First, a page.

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WEDNESDAY, I went for spooky with Jonathan Stroud’s first Lockwood & Co. book – The Screaming Staircase.

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THURSDAY,  I veered into the history of World War I and talked about Steampunk by talking about Leviathan by Scott Westerfeld.

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And, finally, on FRIDAY, I booktalked L. A. Meyer’s Bloody Jack,  the first book in a series I hold very dear.

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Retelling Beowulf

5 Oct

Yesterday, on bus duty, I spoke with a parent who surprised me by telling me she was a member of SCBWI (The Society of Children’s Book Writers and Illustrators) and was writing a book base on Hindu mythology. There  are many books that incorporate various mythologies or retell epics in a modern setting. Not all of them manage to include the humor as effectively as Grendel’s Guide to Love and War.

 

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Publisher’s Summary: Tom Grendel lives a quiet life—writing in his notebooks, mowing lawns for his elderly neighbors, and pining for Willow, a girl next door who rejects the “manic-pixie-dream” label. But when Willow’s brother, Rex (the bro-iest bro ever to don a jockstrap), starts throwing wild parties, the idyllic senior citizens’ community where they live is transformed into a war zone. Tom is rightfully pissed—his dad is an Iraq vet, and the noise from the parties triggers his PTSD—so he comes up with a plan to end the parties for good. But of course, it’s not that simple.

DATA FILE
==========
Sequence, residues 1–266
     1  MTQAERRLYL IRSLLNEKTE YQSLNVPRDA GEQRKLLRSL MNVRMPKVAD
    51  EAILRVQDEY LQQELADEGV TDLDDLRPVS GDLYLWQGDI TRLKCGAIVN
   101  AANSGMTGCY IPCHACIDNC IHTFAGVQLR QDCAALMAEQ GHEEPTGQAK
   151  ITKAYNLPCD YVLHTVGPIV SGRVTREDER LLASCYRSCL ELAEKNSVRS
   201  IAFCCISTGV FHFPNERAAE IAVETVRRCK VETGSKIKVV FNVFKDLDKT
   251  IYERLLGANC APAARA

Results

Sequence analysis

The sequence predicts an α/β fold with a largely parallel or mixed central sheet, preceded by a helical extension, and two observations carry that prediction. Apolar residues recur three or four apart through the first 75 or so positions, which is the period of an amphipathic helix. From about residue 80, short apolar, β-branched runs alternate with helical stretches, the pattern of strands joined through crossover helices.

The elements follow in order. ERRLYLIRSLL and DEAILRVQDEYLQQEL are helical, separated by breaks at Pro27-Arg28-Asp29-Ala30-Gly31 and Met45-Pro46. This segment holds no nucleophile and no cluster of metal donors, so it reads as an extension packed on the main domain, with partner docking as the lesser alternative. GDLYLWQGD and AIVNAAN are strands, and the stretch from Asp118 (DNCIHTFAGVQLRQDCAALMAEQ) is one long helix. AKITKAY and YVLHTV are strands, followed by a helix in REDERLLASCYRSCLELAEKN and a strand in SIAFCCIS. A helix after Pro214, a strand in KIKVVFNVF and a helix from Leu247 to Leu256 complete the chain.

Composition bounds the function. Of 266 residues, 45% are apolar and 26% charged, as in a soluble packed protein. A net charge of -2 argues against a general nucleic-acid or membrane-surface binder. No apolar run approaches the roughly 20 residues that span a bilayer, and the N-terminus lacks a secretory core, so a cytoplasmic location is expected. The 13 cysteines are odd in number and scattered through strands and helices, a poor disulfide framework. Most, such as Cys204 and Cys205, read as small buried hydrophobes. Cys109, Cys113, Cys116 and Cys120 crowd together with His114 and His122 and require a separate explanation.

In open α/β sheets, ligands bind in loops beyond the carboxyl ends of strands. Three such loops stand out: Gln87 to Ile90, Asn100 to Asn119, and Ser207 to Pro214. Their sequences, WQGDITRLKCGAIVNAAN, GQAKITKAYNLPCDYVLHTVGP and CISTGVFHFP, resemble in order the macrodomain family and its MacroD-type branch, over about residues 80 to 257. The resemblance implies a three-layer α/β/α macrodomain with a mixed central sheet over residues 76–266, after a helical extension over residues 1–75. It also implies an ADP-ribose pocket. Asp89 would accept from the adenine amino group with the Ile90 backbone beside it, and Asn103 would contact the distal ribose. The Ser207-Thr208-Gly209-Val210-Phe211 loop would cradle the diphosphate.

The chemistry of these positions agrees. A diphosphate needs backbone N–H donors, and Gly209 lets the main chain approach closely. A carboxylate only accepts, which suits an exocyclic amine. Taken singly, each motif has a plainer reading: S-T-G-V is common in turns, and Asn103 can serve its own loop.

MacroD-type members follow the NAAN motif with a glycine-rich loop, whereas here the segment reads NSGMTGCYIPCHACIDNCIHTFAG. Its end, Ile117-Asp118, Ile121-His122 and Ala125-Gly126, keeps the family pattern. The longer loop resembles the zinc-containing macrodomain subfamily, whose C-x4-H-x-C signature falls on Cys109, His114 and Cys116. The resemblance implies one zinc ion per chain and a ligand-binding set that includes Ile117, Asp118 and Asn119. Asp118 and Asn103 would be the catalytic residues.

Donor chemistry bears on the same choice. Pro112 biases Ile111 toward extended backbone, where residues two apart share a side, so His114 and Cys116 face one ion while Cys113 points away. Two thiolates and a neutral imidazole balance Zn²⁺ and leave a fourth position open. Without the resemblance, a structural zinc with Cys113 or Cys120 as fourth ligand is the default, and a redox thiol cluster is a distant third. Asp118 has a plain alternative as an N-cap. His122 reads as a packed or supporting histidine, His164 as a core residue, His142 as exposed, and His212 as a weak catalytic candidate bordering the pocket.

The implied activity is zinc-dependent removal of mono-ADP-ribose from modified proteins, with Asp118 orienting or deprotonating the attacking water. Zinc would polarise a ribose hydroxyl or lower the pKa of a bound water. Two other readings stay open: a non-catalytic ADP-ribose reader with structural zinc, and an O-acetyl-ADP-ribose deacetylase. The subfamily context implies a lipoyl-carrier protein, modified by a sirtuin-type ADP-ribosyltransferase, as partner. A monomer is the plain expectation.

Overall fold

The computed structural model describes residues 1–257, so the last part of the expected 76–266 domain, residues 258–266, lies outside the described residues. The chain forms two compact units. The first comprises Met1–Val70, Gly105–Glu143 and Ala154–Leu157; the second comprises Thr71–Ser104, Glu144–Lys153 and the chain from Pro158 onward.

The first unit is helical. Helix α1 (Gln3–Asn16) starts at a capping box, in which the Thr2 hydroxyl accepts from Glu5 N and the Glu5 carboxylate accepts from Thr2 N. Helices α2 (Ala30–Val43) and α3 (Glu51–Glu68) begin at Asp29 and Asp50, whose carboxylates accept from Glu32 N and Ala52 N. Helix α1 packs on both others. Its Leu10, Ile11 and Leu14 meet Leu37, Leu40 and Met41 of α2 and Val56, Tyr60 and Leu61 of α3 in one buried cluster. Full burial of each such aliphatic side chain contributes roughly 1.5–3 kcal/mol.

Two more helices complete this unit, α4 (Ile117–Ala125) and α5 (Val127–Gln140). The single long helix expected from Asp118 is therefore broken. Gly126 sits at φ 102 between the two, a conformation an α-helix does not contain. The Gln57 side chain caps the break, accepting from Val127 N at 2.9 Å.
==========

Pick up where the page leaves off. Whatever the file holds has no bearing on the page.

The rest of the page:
One retaliation leads to another, and things quickly escalate out of control, driving Tom and Willow apart, even as the parties continue unabated. Add to that an angsty existential crisis born of selectively reading his sister’s Philosophy 101 coursework, a botched break-in at an artisanal pig farm, and ten years of unresolved baggage stemming from his mother’s death . . . and the question isn’t so much whether Tom Grendel will win the day and get the girl, but whether he’ll survive intact.